Saturday’s Auburn-Louisville game in Atlanta will be a reunion of sorts for a trio of former Georgia defensive backs. Tray Matthews, now at Auburn, and Josh Harvey-Clemons and Shaq Wiggins, now at Louisville, will be on the field together for the first time since they helped lead the Bulldogs to a 59-17 win against Kentucky in November 2013.
"It’s going to be a little different," Matthews said "But for me, I’m just ready and anxious to be out there again.
"I'm ready to play in front of thousands of people and ready to play for this Auburn defense. I’m loving it here. It’s not really a big difference to me. I’m just ready to play football again."
All three Georgia natives are expected to start for their respective teams this Saturday in the Georgia Dome. Here’s a look back at the events that led to this weekend’s homecoming.
Feb. 1, 2012: Harvey-Clemons signs with Georgia
Harvey-Clemons was the oldest of the group, so he was the first to sign with Georgia. The former ESPN 300 star announced his commitment on national signing day, choosing the Bulldogs over Florida, Florida State and Miami. He was the second-highest ranked player in Mark Richt’s 2012 recruiting class.
Feb. 6, 2013: Matthews and Wiggins sign with Georgia
Unlike Harvey-Clemons, there was not as much drama around Matthews and Wiggins when they signed. Both committed to Georgia before their senior season and despite taking official visits and talks of package deals with other recruits, they stuck with their initial decisions. Both were ranked in the top 150 that year.
Nov. 6, 2013: The Prayer at Jordan-Hare
The trio played six games together in 2013, but none more famous (or infamous) than the Auburn-Georgia game in November. In what became known as the "Prayer at Jordan-Hare," the Tigers connected on a Hail Mary in the final minutes where the ball deflected off two Georgia players right into the outstretched arms of Auburn wide receiver Ricardo Louis. The two defenders? Harvey-Clemons and Matthews.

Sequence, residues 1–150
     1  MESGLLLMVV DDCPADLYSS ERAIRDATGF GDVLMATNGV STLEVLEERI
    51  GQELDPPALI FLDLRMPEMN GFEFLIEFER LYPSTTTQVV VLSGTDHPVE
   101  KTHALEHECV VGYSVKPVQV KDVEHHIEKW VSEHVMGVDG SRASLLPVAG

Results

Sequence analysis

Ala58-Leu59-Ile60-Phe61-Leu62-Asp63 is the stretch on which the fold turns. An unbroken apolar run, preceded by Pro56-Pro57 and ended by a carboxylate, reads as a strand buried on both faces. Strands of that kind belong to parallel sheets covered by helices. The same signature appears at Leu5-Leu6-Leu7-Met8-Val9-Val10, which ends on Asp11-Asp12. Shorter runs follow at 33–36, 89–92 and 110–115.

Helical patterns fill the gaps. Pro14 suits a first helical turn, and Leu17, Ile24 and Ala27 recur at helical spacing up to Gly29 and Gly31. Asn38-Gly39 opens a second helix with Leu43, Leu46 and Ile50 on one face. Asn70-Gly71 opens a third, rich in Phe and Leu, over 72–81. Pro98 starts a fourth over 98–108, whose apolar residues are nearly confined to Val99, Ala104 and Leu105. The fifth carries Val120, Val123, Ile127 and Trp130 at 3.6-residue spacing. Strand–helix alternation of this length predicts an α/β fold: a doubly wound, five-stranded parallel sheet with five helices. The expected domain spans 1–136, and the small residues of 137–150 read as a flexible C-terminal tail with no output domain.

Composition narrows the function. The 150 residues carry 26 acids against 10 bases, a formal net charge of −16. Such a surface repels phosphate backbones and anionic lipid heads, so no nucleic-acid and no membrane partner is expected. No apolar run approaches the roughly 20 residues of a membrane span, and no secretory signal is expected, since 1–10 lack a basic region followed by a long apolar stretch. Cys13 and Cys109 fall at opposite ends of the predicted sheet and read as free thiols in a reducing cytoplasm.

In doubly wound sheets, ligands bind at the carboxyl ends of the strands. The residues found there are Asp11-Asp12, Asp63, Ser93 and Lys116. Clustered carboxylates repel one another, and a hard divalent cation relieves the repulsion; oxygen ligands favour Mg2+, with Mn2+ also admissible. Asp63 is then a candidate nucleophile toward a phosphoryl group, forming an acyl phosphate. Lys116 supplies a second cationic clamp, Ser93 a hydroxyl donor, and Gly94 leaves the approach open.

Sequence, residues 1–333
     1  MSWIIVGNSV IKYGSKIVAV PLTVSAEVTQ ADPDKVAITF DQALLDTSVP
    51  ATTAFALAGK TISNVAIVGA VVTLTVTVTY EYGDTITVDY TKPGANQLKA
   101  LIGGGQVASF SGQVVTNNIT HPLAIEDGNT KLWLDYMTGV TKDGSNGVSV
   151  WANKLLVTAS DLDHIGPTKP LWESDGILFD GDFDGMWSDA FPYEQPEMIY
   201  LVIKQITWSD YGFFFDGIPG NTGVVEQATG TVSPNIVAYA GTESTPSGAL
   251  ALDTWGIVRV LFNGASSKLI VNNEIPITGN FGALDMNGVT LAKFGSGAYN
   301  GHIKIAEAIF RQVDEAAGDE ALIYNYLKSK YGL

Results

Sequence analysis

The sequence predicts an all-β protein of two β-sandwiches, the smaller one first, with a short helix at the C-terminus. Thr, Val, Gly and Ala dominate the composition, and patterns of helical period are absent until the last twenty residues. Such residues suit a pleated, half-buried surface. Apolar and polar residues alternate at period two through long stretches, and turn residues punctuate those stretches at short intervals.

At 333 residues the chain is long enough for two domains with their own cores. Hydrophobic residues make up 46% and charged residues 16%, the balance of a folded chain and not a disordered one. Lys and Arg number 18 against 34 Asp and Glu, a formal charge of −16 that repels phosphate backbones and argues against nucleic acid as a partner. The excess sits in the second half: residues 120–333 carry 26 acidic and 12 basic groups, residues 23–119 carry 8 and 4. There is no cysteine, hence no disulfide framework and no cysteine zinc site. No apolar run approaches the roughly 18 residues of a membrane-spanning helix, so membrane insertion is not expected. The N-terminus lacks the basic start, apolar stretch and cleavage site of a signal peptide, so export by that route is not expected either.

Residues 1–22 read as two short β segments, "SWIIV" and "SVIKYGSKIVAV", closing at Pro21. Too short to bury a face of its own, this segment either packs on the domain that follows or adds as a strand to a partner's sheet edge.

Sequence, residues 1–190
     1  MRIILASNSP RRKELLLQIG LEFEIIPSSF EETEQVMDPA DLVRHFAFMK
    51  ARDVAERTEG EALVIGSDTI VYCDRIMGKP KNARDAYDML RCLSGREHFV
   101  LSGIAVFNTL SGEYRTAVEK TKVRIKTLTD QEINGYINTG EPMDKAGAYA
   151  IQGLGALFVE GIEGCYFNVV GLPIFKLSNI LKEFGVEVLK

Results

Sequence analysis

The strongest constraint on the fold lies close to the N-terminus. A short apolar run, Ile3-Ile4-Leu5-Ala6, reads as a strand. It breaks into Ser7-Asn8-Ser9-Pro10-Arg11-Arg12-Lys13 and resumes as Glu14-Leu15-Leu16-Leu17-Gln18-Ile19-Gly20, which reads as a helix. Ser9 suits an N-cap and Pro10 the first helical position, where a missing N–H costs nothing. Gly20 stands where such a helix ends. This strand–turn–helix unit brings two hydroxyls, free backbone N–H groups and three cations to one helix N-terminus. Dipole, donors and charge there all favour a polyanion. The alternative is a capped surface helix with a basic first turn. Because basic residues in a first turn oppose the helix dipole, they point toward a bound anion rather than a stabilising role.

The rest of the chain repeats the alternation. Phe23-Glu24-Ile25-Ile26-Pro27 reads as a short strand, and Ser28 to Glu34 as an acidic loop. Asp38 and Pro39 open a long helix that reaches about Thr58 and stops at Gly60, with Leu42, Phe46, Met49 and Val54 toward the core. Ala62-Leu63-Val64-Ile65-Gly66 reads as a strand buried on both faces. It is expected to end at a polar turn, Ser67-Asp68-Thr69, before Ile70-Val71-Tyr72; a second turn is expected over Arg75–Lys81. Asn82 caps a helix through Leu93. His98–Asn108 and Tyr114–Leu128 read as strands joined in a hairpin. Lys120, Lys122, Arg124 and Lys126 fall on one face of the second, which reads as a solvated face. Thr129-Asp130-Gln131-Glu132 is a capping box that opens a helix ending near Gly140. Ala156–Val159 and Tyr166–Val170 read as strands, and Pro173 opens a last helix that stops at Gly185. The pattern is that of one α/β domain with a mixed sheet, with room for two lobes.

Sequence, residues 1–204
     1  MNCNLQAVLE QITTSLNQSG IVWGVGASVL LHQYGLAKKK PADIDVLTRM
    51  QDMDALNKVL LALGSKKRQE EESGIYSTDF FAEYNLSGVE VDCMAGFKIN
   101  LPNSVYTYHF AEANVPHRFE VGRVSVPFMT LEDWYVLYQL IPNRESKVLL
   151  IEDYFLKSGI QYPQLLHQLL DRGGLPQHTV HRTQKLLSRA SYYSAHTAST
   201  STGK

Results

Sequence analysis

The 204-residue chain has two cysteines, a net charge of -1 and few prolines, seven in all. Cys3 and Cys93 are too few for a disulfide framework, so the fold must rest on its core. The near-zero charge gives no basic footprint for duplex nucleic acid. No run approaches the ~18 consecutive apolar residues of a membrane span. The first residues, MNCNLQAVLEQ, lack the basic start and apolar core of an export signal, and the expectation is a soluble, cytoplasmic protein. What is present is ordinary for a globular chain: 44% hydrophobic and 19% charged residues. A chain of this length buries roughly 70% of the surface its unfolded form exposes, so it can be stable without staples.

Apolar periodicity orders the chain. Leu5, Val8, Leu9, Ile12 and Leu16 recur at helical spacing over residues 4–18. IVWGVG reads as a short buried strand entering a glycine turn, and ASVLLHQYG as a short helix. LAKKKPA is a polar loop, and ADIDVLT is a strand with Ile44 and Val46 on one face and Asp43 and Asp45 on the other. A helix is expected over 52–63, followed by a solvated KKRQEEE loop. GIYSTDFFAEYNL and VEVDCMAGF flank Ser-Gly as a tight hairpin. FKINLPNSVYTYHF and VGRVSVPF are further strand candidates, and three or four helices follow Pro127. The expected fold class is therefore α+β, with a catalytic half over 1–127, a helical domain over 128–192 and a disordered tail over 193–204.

Jan. 13, 2014: Todd Grantham leaves for Louisville
After the 2013 season, Georgia defensive coordinator Todd Grantham left to take the same position at Louisville. This was the first domino to fall that ultimately led Harvey-Clemons and Wiggins to the ACC.
Feb. 18, 2014: Harvey-Clemons dismissed from Georgia
The oldest and most experienced of the group was also the first to go. Harvey-Clemons was dismissed for a violation of team rules, but he had a history of violating the university’s drug use policy that led to his suspension in the 2013 season opener as well as the team’s bowl game that year. While at Georgia, he played in 25 games and made 11 starts.
April 10, 2014: Harvey-Clemons follows Grantham to Louisville
Nearly two months after he was dismissed, Harvey-Clemons made the decision to follow his former defensive coordinator to Louisville.
May 9, 2014: Wiggins transfers
Despite starting eight games as a freshman at Georgia, Wiggins opted to transfer. Said Richt in a release: "Shaq and I have been talking over the last few days and a fresh start is what he believes is in his best interest." Two weeks later, Wiggins chose Louisville and joined his former coach and former teammate.
June 3, 2014: Matthews dismissed from Georgia
The last to go was Matthews, who was dismissed following a reported classroom incident at Georgia. "We are trying to make room for guys who want to do the right thing," said Richt at the time of the dismissal. The decision came three months after Matthews and three of his teammates were arrested and charged with theft by deception.
I'm sorry UGA family.I swear to God I love yal.I'm crying right now but I won't forget. Love the dawgs.Auburn or Louisville will be my home— TriggaTray (@Trigga_Tray28) June 3, 2014
June 21, 2014: Matthews enrolls at Auburn
It took less than three weeks for Matthews to find a new home at Auburn, Georgia’s cross-division rival. Though joining the others at Louisville was tempting, Matthews wanted to stay in the SEC.
Sept. 5, 2015: Auburn vs. Louisville (in the Georgia Dome)
All three had to sit out last season because of the NCAA transfer rules. Now, they’re all set to make their return to college football on the same field, in the same city, just 80 miles from where they were once teammates.